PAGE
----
With last week’s announcement that Jay Newman will soon be retiring as general manager at WJZ-TV, reaction at the station is reportedly somewhere between great relief and great anxiety.
The anxiety is reflexive. Journalists keep a cool emotional distance dealing with other people’s tragedies, whether it’s triple homicides in West Baltimore or airline crashes over New Guinea. But they tend to fall apart when change, however small, enters the newsroom itself.
In a time of swift, volcanic convulsions across the media landscape, “Eyewitness News” staffers are already wondering what changes a new boss might inflict on their lives.
But the great relief over Newman’s upcoming departure is easy to explain. When he arrived there 19 years ago, WJZ was Baltimore’s undeniable TV news leader and one of America’s most respected local stations. He’ll leave with the station a distant second in local ratings and its once stellar reputation all but vanished. Once, it was an earth force. Now, it’s an afterthought.
Some of this is Newman’s fault, and some of it is simply the march of history. He arrived when the station was still living off the glow of the beloved anchor duo of Jerry Turner and Al Sanders. Each man died before reaching 60, and nobody’s replaced their abilities or their cultural impact.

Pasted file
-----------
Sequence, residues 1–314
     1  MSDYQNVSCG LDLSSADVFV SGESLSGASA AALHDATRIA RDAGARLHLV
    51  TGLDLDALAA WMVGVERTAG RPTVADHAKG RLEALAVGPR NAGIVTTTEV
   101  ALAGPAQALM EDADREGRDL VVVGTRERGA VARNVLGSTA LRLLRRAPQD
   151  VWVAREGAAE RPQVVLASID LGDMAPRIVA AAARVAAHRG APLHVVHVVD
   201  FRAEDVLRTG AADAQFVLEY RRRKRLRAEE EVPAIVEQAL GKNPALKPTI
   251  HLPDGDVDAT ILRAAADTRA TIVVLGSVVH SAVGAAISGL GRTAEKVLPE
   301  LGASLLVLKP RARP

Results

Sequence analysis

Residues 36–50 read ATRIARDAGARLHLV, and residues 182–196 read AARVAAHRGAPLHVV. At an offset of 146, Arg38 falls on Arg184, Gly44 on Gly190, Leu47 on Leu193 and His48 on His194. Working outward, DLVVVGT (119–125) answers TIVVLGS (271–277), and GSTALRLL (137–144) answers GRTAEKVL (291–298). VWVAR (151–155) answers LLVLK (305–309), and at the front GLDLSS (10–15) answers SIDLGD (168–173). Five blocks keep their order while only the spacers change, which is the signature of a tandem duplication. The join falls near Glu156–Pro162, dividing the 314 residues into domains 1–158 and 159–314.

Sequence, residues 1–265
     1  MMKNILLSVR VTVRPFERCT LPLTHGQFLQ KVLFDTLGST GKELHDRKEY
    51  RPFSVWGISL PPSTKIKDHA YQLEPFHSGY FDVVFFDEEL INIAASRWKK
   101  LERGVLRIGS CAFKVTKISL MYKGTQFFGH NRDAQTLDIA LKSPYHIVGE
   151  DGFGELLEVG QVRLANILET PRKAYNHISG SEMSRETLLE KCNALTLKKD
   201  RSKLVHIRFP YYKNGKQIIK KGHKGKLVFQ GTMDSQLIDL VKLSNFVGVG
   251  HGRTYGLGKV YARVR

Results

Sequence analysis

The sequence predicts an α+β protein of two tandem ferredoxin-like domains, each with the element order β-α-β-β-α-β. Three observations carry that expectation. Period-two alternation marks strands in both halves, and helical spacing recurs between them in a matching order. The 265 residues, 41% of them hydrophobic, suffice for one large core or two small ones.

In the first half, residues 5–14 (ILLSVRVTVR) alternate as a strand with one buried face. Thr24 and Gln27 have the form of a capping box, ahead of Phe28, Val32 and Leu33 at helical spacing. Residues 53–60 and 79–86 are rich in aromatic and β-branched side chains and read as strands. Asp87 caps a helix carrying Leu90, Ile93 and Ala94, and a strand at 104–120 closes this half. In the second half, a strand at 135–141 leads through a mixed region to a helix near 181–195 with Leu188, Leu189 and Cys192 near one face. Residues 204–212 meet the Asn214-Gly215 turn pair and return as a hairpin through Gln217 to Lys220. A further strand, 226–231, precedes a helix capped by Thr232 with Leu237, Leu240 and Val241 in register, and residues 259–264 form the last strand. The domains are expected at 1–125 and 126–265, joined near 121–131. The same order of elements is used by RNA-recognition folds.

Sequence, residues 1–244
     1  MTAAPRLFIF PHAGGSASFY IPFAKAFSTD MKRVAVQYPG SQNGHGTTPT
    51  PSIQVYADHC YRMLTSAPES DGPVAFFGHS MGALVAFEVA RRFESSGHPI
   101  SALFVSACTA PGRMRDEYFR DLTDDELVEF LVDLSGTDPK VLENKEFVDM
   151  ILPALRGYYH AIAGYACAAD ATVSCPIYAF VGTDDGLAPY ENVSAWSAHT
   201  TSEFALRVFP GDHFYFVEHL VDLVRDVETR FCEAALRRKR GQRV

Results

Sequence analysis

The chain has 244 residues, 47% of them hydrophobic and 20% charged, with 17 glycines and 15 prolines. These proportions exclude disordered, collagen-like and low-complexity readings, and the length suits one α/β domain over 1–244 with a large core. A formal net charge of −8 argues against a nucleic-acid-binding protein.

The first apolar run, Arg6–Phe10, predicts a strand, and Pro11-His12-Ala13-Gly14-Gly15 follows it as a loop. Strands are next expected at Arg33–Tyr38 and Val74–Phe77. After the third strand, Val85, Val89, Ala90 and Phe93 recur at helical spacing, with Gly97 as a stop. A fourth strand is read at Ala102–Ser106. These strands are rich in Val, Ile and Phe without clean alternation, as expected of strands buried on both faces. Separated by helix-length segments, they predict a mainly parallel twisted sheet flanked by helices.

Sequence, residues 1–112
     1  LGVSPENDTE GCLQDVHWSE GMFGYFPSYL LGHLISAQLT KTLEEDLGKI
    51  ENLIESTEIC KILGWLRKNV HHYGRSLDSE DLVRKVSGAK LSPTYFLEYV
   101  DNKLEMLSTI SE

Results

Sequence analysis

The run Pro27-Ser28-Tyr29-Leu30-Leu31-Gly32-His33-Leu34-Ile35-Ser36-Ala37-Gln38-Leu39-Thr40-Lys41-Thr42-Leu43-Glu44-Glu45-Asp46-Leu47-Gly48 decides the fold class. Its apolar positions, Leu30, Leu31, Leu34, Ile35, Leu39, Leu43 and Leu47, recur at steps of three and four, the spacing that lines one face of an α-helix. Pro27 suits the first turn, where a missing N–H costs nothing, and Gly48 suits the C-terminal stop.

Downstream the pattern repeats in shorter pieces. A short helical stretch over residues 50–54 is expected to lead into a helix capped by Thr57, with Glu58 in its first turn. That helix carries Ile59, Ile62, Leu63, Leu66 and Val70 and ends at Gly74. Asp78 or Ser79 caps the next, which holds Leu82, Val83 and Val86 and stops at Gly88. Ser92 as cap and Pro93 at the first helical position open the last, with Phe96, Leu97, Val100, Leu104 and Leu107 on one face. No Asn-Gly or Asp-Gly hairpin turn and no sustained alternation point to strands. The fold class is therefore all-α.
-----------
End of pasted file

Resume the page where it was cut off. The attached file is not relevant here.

Newman’s presided over an extended era when cable TV was luring local viewers away by the tens of thousands, and he leaves when tens of thousands more check their phones so many times each hour that they feel no need to flip on the TV at day’s end.
Where WJZ, in its heyday, could count on a quarter-million eyeballs tuning in to watch “Eyewitness News,” if they get one-fifth of that many now it’s considered a fabulous day.
So while the CBS bosses up in New York watched the dwindling ratings numbers out of Baltimore over the past two decades, they saw similar drops out of their other affiliates. The key now wasn’t ratings, per se, but profit margins.
Newman stayed ahead of the game in that sense by cutting costs – veteran on-air people may have been good reporters who knew the town’s secrets, but if they made too much money, they were expendable. The young reporters who were brought in couldn’t find City Hall without a GPS, but they worked cheap. So the station continued to make money, even as the journalism fell apart.
When the new general manager arrives, a lot of newsroom people will be watching carefully for the inevitable changes on the way.
Top photo: Screenshot of WJZ-TV Facebook page
A former Baltimore Sun columnist, Michael Olesker is the author of six books, including “Tonight at 6: A Daily Show Masquerading as Local TV News” (Apprentice House). Olesker worked as a nightly commentator at WJZ-TV from 1983 to 2002.
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